You may have heard of the controversy surrounding Credits, the company that raised $2o million from an ICO promising that it would launch a distributed ledger that would effectively dwarf the accomplishments of blockchain networks such as Ethereum.
A deeper research into the activities of Credits shows that the project is creating a buzz that does not reflect on its accomplishment, which pales to insignificance when compared to its promises.
Interestingly, most ICO review sites have given Credits pass mark raising questions on the criteria by which these sites grade initial coin offering project knowing that these ratings sometimes influence investor decisions.
A Cryptoinfowatch review shows that most of the popular review sites rated Credits 3-star or higher even though our investigation shows that this is one project that has promised much but delivered nothing.
The Credits Promises
Credits like many new dApp-building platforms consider Ethereum bashing the channel through which they get needed attention for their project.
Ethereum, the main dApp-building platform has scalability issues even though the network’s developers are working on improving this setback.
The Ethereum network which processes 15 to 20 transaction per second is grossly inadequate for massive use and adoption considering that during high traffic the network clog could limit transaction confirmation to hours or even days. The need for higher transaction and confirmation speed can be seen by the fact that VISA has capacity of 24,000 transactions per second.
Credits launched its ICO and raised $20 million which was its hardcap based on the promise that it was building a platform that would dwarf Etherem. The Credits distributed ledger according to the project platform would have the capacity to process one million transactions per second, an ambitious plan that not even Ripple, the more centralized cross-border platform has not been able to accomplish.
Low Transaction Fees
The dream of every user of financial services is to conduct fast transaction while paying low fees. Credit knew this and promised investors and the crypto community that its transaction fees would be low in the $0.001 range. Talk about being as low as they come.
With a claimed confirmation time of 0.01 second to less than 3 seconds, all eyes were on the project comparing it to other dApp platforms that were launched to challenge Ethereum such as Cardano, EOS and Tron.
The Credits Reality
Credits promised it would launch its mainnet by Q3 of 2018 but in reality if the mainnet would be assessed based on its beta version, it leaves a lot to be desired.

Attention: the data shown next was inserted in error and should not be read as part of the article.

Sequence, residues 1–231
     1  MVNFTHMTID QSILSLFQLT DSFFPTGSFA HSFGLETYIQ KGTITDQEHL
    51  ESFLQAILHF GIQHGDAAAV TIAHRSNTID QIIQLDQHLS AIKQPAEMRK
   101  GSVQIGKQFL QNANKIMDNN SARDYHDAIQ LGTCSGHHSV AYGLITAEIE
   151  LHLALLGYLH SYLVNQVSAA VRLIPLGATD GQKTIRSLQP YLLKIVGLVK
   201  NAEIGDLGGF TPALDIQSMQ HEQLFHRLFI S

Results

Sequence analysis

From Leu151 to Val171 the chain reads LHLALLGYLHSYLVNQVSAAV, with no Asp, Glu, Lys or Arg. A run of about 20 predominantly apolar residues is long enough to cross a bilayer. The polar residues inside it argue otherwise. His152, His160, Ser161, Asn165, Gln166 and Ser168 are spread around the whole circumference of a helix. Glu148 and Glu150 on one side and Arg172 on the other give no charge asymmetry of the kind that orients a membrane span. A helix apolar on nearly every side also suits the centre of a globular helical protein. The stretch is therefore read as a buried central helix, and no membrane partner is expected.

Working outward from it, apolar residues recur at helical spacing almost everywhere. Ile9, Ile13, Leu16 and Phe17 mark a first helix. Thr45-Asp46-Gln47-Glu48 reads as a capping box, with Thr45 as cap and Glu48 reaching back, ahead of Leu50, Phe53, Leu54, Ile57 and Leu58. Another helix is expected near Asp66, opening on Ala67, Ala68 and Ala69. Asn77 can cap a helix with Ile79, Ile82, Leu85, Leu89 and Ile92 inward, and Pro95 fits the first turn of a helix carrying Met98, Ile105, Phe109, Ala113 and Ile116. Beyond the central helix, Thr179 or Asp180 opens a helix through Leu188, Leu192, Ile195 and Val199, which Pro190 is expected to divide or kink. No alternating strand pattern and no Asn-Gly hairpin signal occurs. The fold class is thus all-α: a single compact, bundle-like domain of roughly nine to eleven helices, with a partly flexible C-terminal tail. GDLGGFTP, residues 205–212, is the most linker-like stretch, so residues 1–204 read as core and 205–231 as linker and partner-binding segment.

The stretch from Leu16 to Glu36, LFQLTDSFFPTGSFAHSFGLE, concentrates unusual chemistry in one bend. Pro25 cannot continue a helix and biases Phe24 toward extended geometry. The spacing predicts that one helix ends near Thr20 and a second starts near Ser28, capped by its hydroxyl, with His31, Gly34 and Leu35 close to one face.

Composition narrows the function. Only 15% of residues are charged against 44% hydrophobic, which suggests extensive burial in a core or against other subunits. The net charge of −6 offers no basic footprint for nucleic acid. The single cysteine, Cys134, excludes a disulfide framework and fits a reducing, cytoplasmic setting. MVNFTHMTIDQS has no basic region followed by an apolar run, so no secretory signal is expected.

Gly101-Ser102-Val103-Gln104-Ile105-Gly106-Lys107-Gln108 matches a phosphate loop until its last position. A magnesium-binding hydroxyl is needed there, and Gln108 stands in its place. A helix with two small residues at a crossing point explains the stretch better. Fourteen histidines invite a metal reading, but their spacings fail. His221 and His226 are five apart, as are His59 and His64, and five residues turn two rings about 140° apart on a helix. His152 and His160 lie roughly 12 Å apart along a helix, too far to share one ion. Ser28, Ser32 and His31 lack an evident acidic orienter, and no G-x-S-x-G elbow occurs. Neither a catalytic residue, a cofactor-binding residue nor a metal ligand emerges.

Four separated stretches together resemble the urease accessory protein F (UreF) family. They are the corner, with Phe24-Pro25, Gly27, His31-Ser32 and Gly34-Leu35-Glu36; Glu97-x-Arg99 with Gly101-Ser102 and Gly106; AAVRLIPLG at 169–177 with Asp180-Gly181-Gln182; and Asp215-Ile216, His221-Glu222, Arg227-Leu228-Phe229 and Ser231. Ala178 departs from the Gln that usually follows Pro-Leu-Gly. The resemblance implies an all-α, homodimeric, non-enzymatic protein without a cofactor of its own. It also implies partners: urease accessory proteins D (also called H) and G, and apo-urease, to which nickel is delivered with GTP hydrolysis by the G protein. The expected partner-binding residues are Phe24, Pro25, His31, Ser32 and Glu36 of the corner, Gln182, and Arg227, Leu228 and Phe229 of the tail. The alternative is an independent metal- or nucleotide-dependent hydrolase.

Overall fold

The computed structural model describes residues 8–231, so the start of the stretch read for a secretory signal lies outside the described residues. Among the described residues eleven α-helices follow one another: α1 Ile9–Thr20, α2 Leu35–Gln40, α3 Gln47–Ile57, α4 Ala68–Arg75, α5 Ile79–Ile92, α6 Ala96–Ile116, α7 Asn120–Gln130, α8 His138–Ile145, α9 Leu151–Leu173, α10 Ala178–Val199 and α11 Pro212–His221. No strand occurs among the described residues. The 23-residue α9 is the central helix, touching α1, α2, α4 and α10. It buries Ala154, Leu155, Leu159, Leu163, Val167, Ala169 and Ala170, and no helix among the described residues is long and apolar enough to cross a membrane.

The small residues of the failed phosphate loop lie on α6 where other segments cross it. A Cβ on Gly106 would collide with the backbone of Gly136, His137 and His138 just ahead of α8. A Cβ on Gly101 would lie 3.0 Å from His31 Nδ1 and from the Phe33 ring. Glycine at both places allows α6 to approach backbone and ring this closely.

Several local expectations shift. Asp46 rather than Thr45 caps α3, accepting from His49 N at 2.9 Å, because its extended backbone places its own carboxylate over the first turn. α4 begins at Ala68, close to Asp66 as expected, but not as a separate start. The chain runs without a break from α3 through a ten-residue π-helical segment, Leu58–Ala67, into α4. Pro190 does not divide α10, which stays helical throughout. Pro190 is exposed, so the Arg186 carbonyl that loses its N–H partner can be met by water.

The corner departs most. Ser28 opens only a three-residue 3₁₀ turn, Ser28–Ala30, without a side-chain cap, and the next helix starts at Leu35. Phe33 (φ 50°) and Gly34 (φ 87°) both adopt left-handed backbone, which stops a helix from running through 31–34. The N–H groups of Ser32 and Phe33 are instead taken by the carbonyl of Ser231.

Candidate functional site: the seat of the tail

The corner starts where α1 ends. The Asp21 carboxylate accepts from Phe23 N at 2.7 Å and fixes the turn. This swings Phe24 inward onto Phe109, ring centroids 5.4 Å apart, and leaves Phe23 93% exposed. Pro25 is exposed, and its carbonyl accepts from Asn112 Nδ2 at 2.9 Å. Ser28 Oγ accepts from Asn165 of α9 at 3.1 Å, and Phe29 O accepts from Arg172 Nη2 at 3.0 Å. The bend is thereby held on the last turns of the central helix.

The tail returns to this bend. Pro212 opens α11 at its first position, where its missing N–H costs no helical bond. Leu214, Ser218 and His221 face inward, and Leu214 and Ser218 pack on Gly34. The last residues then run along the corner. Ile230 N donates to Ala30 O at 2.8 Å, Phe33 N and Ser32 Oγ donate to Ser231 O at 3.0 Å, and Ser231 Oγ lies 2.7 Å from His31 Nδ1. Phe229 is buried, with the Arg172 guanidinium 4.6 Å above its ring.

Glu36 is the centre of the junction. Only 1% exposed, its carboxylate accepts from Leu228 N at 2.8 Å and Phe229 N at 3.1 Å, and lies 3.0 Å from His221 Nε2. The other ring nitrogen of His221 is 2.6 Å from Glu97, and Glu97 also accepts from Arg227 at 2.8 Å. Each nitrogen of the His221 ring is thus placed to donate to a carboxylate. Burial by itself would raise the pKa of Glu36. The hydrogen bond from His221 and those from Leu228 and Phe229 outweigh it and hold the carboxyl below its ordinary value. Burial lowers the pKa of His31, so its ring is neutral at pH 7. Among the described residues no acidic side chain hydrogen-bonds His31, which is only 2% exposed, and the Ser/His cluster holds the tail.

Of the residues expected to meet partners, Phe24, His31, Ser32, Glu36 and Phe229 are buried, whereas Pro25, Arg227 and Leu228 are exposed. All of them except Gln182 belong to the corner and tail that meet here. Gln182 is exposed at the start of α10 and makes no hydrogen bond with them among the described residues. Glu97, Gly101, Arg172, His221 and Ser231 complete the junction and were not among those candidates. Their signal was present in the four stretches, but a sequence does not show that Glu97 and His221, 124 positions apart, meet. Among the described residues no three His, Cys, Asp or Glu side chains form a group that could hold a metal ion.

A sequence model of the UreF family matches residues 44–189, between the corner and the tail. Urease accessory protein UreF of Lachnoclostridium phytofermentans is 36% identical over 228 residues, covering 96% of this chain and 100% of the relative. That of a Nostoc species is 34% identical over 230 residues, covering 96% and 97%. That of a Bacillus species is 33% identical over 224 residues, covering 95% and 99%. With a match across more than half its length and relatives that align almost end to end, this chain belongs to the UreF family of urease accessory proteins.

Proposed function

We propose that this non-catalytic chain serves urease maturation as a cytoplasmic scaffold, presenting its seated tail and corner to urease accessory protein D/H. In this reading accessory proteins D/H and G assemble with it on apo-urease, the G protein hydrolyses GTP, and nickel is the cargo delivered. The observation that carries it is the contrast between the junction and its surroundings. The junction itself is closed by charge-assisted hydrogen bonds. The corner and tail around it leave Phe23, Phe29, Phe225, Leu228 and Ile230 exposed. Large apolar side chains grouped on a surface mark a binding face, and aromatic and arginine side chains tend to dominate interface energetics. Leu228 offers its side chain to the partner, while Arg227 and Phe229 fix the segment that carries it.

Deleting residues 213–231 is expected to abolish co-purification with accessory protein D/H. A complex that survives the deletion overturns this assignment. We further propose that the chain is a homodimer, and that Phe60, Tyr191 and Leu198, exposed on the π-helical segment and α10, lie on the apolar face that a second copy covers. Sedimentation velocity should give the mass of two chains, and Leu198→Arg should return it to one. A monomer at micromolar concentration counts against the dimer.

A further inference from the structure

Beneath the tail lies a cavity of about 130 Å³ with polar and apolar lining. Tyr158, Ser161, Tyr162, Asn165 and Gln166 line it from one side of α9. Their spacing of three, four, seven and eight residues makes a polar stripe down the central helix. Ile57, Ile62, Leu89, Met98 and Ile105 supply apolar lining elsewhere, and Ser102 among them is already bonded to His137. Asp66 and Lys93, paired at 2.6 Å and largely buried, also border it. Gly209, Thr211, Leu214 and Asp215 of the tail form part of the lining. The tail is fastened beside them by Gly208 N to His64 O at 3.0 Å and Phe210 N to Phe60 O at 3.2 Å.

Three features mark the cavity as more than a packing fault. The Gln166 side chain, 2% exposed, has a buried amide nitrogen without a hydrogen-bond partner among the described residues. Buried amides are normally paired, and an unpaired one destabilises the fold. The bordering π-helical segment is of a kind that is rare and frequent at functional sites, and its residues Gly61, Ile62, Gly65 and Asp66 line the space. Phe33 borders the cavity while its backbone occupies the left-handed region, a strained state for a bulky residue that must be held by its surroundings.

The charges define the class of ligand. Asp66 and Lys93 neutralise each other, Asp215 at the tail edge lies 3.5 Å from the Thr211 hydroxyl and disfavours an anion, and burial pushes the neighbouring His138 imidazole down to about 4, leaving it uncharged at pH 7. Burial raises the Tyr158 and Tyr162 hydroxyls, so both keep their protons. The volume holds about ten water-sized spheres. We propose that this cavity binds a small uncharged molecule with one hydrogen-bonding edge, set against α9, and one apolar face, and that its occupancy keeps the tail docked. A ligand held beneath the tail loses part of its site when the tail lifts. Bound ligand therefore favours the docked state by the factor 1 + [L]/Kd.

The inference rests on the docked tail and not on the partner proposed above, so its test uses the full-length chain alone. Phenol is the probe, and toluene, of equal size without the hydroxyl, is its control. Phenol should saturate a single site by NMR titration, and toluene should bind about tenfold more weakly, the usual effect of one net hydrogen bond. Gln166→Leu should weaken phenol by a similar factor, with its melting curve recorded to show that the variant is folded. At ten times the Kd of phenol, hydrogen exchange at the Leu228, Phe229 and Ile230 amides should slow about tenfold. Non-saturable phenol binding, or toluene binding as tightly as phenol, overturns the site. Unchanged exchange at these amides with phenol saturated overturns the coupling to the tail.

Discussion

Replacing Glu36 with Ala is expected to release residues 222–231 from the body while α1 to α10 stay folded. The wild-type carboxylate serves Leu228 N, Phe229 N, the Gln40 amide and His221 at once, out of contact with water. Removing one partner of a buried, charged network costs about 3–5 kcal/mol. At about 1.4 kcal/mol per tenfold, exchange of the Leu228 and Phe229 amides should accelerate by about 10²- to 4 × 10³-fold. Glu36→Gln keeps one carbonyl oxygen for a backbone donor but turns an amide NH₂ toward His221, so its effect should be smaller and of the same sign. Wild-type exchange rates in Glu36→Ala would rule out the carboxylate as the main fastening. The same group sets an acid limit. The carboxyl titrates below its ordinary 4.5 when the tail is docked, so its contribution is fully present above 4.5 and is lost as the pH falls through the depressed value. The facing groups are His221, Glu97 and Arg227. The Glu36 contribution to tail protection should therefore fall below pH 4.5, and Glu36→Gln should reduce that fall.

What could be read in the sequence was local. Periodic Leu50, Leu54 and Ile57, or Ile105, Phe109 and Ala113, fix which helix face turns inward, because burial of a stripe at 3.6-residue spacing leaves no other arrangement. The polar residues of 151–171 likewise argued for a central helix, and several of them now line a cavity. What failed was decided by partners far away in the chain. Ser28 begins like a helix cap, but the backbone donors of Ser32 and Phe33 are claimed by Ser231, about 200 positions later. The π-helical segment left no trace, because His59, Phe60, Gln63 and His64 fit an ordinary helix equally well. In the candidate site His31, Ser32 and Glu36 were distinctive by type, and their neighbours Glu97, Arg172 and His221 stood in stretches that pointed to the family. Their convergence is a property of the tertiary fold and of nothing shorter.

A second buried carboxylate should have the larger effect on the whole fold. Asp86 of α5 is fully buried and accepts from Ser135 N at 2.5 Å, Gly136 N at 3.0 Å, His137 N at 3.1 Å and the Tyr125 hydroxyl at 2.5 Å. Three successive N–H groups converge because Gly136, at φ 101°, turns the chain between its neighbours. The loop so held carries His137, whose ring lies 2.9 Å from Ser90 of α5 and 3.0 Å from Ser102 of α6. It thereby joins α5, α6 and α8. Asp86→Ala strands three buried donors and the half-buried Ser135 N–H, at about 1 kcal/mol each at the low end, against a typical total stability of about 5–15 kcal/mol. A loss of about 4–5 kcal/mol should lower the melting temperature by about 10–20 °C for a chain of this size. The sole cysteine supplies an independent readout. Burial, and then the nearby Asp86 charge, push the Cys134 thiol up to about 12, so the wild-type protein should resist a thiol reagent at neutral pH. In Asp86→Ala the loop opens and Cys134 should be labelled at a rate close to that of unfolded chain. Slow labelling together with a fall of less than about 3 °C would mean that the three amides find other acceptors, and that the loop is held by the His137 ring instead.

The Credits code which was supposed to be open source was not developed on GitHub as is the practice of most blockchain projects, however the version of the code seen by a developer was nothing to write home about. The analysis of the code audits said:
“This from a company that touts one million transactions per second, is worrying, because if you cannot make an alpha that conforms to the security standard of every app that uses encryption, then how can we expect you to pull through with your even bigger promise?”
When the criticism of the project code became deafening, the team claimed that the alpha version was developed in a hurry. The security flaws in the code is such that did not pass some rudimentary security measures that programmers believe that funds place in the Credits wallet could be stolen if hacker have information such as the time of creation of the account.
Other Red Flags
Credits operates from out of Singapore, but most of the team are Russians who seem to be mainly marketers. In other words, the Credits team comprises little of actual developers and more of members that are keen at spreading news about the project.
There are allegations on Bitcointalk that the Credits project is hyped with bots bumping the announcement thread to create impression that it is a popular project.
This may have been instrumental to the success of the ICO since many investors are motivated by fear of missing out even if they do not take time to investigate on the authenticity of what they are investing in.
A look at some of the partnerships that Credits claimed it entered into shows that the team is not reputable. For instance, it announced partnership with Messenger Bank claiming:
“Messenger Bank, one of the biggest players in mobile blockchain banking, with an advantage of unprecedented transaction speed, offers currency conversion, transfers and a full range of traditional banking services with appropriate licensing. They have a proven track record of being a reliable and stable online bank. By 2020, their customer base is expected to grow by more than 200 million new users.”
But an investigation of the ‘bank’ shows that the site is an unsecure one lacking basic SSL. It is a privacy coin marketing site that doesn’t seem to have any reputation to protect. Other partnerships are mainly with other blockchain projects that have little relevance with the financial industry.
Even though Credits is leveraging every possible PR to hang onto reputable companies these days, it is yet to prove that it is a worthwhile project by living up to its promises. The latest claim to reliability is the IBM statement on its site that made reference to the project.
However, the reference is with respect to Credits hosting its project server on the IBM cloud which the project interprets as a partnership. Nevertheless, the onus rests on the Credits team to prove that they have the capability to launch a network that can process a million transactions per second.
Presently, their atrocious code rather points to the suspicion that they are amateur coders or even a team of scammers and not a revolutionary team that could make the Lightning Network unnecessary.